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Attorneys opposed to resumption of hanging


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Attorneys opposed to resumption of hanging
Prominent attorneys say "no" to resumption of capital punishment in Barbados - GP

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Two prominent attorneys rejected on Wednesday, the public outcry for a resumption of capital punishment in Barbados to tackle a recent “spike” in gun-related killings.

Defence attorney Andrew Pilgrim, QC, and constitutional attorney, Senator Gregory Nicholls said they were strongly opposed to any such decision during an appearance on the Down to Brass Tacks radio talk show on VOB 92.9 FM, to discuss the ongoing constitutional reform exercise.

With the first two hours of the weekday talk show dedicated to possible reforms within the judicial system during the planned revamp of the Constitution of Barbados, the issue of capital punishment came into sharp focus again.

The country has been reeling from several violent gun deaths with five people dying within five days last week.

Attorney General Dale Marshall and Commissioner of Police Richard Boyce linked the recent spike in gun crimes to “specific” groups targeting each other during a news conference last week, but some Barbadians have appealed for more action and less talk from the authorities, including the resumption of hanging.

Pilgrim, a former president of the Barbados Bar Association, said, however, he was strongly opposed to any form of capital punishment as a matter of “fundamental principle”.

“The idea of the State premeditating killing people is something that I abhor because I believe in life, I don’t believe in death or killing people deliberately by way of planning,” he said.

“There is nothing that could be more corrupt than the State planning to kill its own citizenry.”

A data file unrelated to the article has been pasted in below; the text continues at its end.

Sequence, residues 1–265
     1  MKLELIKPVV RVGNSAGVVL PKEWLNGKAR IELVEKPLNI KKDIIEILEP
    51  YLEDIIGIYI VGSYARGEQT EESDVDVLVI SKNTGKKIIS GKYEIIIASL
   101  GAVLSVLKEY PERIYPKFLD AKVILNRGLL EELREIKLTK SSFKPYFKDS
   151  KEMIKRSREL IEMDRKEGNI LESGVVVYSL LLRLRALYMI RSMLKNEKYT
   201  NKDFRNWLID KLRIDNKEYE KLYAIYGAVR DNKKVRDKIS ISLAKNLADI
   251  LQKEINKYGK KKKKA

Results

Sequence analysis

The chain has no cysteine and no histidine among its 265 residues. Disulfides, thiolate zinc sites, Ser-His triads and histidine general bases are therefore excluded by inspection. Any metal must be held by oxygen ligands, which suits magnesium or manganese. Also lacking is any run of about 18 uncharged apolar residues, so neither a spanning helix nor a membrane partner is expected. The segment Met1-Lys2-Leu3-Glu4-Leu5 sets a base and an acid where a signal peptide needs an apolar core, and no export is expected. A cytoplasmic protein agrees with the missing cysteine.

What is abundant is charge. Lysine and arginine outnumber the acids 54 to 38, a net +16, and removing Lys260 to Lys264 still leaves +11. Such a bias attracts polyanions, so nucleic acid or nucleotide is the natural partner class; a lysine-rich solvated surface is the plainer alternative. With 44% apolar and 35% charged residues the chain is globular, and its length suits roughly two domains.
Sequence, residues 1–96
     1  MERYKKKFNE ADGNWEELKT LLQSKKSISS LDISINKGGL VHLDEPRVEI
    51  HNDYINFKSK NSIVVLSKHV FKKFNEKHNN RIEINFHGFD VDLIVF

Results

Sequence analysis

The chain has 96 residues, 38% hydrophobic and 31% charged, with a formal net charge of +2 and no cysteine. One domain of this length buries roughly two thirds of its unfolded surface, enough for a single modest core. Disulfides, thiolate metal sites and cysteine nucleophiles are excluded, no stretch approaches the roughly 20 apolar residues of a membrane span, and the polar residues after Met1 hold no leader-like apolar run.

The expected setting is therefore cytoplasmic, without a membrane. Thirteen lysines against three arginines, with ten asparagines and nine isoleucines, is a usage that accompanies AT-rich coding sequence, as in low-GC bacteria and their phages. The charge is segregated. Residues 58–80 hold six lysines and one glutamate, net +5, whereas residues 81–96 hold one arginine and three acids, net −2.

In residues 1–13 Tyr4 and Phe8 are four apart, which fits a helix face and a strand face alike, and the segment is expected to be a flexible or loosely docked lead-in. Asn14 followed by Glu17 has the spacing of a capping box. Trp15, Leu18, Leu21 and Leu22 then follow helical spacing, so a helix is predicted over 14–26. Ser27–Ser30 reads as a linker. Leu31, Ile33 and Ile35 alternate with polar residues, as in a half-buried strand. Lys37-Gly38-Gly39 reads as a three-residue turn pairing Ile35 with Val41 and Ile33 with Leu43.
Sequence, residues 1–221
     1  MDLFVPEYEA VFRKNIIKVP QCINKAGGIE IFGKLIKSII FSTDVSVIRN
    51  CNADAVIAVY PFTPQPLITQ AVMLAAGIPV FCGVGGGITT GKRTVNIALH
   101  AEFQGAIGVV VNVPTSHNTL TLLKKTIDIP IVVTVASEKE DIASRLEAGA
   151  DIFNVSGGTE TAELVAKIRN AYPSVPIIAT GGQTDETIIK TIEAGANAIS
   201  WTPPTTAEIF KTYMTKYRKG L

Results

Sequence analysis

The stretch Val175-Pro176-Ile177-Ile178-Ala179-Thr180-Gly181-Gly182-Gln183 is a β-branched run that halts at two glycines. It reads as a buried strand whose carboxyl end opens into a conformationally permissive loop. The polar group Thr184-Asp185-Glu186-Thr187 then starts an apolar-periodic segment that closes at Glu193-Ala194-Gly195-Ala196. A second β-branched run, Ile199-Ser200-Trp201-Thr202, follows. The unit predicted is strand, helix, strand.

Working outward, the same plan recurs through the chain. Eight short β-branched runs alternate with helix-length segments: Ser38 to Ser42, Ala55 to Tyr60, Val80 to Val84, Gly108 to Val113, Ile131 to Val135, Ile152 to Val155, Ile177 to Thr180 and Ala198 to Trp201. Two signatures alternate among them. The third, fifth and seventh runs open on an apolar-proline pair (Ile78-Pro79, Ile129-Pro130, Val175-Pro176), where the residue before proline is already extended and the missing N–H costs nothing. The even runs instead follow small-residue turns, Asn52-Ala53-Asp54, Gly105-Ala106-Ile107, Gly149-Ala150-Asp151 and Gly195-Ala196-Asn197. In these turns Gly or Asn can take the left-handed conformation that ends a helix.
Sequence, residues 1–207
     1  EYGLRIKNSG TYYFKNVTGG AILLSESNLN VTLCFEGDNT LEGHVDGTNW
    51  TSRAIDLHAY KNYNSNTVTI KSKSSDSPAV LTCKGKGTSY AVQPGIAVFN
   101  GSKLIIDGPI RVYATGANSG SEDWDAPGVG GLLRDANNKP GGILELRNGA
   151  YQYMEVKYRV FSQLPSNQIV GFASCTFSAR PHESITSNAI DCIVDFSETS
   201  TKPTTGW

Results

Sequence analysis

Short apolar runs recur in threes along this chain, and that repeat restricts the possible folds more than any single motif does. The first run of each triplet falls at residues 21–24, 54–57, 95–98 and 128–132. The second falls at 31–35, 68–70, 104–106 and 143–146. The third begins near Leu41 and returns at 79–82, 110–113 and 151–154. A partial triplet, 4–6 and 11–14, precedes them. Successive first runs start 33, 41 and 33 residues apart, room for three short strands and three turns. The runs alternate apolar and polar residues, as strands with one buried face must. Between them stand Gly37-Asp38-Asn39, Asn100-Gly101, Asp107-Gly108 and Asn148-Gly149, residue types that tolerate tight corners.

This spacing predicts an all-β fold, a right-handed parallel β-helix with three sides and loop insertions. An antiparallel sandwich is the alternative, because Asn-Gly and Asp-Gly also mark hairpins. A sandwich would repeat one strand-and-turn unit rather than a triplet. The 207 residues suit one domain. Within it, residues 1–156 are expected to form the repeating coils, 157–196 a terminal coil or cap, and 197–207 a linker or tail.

Nicholls, a member of the Constitution Review Commission, added that there have been instances in the past where accused people were wrongfully executed, and he was not in favour of capital punishment, but he felt sentences could be longer for some categories of killers.

“We get it wrong sometimes,” he said. “The court does not always get it right, and we see time and time again people exonerated long after they have been executed by the State – evidence turns up, a witness was telling lies. How can you repay a life that the State took away in such circumstances?

“I feel that when somebody kills somebody, they should go to prison for a long, long, long, long, long time – and not 12 years for manslaughter as the guidelines will tell you – send them away for a long time.”

The government senator said the death penalty was still on the books, but legal precedent ruled that it must not be mandatory for every murder conviction.

“What the courts are saying is that the culpability for the commission of that crime of murder is not the same as if a man goes on a rampage, and rapes and kills a set of women – a serial killer – or goes into a school and blows up a set of children.

“The level of culpability in terms of imposing a sentence cannot be the same, and the courts should determine whether the death penalty is the appropriate penalty in the circumstances. Were there any mitigating or abrogating factors, which will require a more severe penalty, and therefore, the death penalty should only be reserved for those heinous of crimes.”

Pilgrim also addressed the touchy issue of murder accused getting bail, dismissing suggestions that lawyers were to be blamed and arguing that the judicial system needed to fix the backlog of cases, which led to offenders being released.

“Lawyers cannot be at fault if cases are being adjourned for years and years,” he said. “I am not saying lawyers can’t get two or three adjournments, but a lawyer cannot get five years’ worth of adjournments.

“So when you find a case where a person is on bail for murder… I sit in prison for three years waiting on my trial for murder. Three years later, I get bail. What would be the priority in the DPP’s (Director of Public Prosecution’s) office with me? Not to get me tried?

“It’s not for us to run around and say they shouldn’t get bail in the first place. They shouldn’t have gotten bail, but when they got bail, people should say, ‘It took us three years to get this (case) ready, they get bail, but let’s get it (the case) ready now then’.”

(AR)